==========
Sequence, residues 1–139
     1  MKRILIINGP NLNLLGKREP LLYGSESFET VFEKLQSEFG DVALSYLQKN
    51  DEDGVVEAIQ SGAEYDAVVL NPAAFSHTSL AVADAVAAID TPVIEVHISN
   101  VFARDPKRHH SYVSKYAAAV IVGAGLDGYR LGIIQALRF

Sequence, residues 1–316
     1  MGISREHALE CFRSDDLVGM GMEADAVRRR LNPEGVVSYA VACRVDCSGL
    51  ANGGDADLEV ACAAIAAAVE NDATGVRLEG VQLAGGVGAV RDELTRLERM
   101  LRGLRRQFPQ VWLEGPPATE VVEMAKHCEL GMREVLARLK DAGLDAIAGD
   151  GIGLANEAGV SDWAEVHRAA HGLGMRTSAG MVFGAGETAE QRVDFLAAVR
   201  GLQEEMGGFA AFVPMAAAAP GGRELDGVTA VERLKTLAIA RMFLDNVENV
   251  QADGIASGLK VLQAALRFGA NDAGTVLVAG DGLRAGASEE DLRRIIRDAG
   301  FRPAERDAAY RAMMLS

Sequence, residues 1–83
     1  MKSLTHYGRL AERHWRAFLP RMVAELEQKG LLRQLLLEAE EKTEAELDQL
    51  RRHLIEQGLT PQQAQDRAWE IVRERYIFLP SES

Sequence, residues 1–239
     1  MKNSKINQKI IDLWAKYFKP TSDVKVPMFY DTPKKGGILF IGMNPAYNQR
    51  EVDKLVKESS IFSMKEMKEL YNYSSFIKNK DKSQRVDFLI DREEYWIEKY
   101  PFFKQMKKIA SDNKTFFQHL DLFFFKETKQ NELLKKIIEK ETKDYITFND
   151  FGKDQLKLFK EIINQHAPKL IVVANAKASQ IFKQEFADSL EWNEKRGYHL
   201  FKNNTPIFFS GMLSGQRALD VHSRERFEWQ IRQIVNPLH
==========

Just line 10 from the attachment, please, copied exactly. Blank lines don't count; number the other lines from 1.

   201  GLQEEMGGFA AFVPMAAAAP GGRELDGVTA VERLKTLAIA RMFLDNVENV